A MODERN AND WORLDLY PERSPECTIVE
Capable Capable
Capable Capable

Working the paradigm shift

Here we are in this moment in America in the 21st century struggling to be autonomous, in possession of ourselves. Though deemed sovereign individuals by this nation’s political, economic and social history, we start our life-long journey as naked human primates.

That is, amid the highly competitive conditions and circumstances in which we find ourselves and equipped initially with little more resource than the primate’s programming, we are expected to create and finance a life of our own design.

However, as a means to this sovereign independence and responsibility, we are characteristically directed only toward the surface definition and systemics of the material and conventional life offered in America.

Yes, our involuntary attachment to an unrealistic and misunderstood socially acquired ego-function shifts the vantage point available to other primates. Still, as we well know, an untutored ego-function reflexively protects the instincts of an animal bred to the jungle instead of motivating us to think about the cognitive, communicative and performative behavioral skills we need in this complex modern world.

In fact, our natural and socially conditioned determinism provides us with little incentive to examine and struggle with the emancipatory mechanism of our sovereign point of view. Moreover, not only do we have little incentive, most of us have not even a faint idea that there is possibility—enlightenment—outside this short-sighted box of consciousness and opportunity.

I described the reasons for this “inside the box” situation in my 04.28.14 post, Plato at the Googleplex. We are led to believe that a meaningful life has been taken care of by the Scoreboard. If we arrange our lives by conforming to its dictates, we are sure in our misconstrued ego-function that we will experience a life worth living. We assume (without thinking about it) that to be exceptional by Scoreboard’s in-bred, close-minded, self-affirming standards, and thus admired or celebrated, is notionally the pinnacle of life.

Unfortunately, as it turns out in real life, despite our achievements on the ladder of rank and status, a Scoreboard-shaped life leaves us with a shallow or hollow subjective experience. Living in the light of our limited range of reflection, arranging and rearranging the surface of our lives, we can neither recognize nor creatively manage the problematic ego-function nor enjoy the wellbeing and life satisfaction that emerges from being in enlightened possession of ourselves.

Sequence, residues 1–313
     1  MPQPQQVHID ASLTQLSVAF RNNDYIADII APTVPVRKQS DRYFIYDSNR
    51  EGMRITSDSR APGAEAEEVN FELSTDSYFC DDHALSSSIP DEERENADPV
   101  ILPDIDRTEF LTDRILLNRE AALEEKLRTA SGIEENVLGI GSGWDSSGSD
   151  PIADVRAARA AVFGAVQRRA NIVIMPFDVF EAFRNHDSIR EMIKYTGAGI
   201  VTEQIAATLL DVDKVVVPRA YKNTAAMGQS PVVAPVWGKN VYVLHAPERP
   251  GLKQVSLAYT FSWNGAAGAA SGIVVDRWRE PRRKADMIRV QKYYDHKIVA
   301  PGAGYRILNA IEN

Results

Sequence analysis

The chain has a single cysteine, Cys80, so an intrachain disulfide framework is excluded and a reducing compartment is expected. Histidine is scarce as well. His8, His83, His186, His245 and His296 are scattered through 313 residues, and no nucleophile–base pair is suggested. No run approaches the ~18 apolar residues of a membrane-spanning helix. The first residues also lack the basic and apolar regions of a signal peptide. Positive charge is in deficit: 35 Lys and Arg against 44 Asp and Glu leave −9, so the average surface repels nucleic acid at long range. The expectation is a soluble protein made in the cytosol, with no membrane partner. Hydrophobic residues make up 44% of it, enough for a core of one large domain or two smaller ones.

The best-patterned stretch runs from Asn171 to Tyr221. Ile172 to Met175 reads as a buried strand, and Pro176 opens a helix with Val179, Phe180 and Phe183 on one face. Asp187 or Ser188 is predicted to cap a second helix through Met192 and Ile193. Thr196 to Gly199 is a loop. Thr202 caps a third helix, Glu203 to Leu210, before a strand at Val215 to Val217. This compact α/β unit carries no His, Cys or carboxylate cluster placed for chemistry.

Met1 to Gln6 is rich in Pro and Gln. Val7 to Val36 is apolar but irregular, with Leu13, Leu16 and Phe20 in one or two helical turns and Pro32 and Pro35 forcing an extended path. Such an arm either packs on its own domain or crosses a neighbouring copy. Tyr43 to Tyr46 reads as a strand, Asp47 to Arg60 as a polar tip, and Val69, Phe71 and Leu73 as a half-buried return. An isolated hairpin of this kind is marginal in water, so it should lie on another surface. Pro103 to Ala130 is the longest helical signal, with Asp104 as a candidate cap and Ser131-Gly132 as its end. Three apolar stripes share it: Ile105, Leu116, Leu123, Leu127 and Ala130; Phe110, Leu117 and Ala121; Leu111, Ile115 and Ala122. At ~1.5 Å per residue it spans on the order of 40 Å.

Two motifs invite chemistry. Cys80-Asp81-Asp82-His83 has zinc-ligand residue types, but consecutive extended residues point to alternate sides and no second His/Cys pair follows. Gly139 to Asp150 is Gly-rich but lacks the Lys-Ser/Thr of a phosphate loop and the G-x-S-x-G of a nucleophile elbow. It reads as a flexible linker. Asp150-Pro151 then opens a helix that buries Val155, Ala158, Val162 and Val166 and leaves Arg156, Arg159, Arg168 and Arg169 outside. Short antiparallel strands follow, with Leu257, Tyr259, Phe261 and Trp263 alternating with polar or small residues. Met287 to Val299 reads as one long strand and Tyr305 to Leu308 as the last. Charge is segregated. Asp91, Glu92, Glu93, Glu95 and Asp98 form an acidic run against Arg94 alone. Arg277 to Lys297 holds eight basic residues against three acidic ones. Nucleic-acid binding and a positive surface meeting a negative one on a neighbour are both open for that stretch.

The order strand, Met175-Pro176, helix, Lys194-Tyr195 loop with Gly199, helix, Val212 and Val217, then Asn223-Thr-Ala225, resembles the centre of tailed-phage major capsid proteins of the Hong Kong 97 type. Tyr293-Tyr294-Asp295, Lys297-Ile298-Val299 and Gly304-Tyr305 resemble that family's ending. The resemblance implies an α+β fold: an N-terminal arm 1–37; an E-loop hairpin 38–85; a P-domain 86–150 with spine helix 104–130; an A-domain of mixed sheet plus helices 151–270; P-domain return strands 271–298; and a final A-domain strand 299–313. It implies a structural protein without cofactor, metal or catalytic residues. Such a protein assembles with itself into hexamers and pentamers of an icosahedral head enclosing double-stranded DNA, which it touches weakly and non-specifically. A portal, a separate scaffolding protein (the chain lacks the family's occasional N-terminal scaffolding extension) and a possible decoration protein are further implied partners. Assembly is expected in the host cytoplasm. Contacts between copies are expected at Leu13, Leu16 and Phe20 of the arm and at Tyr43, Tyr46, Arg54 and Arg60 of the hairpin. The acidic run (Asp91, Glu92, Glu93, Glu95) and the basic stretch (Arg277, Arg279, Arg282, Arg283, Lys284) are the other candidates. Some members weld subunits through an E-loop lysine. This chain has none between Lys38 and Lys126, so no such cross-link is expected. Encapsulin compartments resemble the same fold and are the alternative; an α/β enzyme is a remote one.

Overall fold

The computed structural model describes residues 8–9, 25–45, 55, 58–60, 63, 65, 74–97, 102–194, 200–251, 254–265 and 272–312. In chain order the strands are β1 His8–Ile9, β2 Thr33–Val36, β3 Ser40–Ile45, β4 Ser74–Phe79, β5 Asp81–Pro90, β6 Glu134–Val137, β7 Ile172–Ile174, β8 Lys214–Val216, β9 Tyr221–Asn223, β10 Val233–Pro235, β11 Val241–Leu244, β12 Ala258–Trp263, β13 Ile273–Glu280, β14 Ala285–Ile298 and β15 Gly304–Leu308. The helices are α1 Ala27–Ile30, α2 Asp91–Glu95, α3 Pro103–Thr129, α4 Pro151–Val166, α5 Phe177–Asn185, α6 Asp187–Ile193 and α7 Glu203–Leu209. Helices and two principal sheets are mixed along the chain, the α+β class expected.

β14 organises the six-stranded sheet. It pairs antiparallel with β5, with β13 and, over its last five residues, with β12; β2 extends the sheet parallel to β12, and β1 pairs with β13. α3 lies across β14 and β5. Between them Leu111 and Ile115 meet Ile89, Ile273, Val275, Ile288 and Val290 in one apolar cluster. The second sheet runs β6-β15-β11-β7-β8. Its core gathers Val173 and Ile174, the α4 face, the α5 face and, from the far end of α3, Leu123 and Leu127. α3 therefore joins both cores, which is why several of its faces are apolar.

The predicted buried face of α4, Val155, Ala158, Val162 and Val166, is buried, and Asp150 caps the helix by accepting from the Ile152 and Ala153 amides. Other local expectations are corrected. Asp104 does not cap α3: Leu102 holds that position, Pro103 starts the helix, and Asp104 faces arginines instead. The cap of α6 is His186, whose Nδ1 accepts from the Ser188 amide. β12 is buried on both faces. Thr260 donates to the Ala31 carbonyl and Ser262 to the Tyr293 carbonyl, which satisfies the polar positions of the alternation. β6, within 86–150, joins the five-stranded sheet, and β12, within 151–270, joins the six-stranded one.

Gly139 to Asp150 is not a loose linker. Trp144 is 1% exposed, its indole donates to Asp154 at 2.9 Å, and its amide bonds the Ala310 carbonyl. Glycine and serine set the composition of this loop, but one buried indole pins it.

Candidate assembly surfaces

When we take up the philosophic and pragmatic paradigm shift described by the discipline of autonomy and life, however, we can take a deeper—less superficial—cut at the opportunity of self-possession.

We realize that we are a product of the American Revolution, no longer confined to the relationship of king-subject, but subject only to the framework of our citizenship and fully responsible for our behavior. As such, we focus on, reconfigure and reset not only our hereditary (immediate) determinism, but also the sovereign mechanism involved in creating our perception of and response to the demand for responsible autonomy.

This gives us the ability to enjoy the life we have designed and to enjoy the difference that is our sovereignty from the sovereignty of all others. We enjoy our sovereignty even as we contribute our utility to our nation. And we enjoy our sovereignty despite the creative load we carry, the competitive environment in which we find ourselves, the adversity we encounter and our dissatisfaction over our losses and unfulfilled desire (what we can’t or simply don’t prevent, we must endure).

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Arnold Siegel is the founder of Autonomy and Life and the leader of its Retreat Workshops and Advanced Classes.  

 

 
 
 
 
 
 
 
 
 

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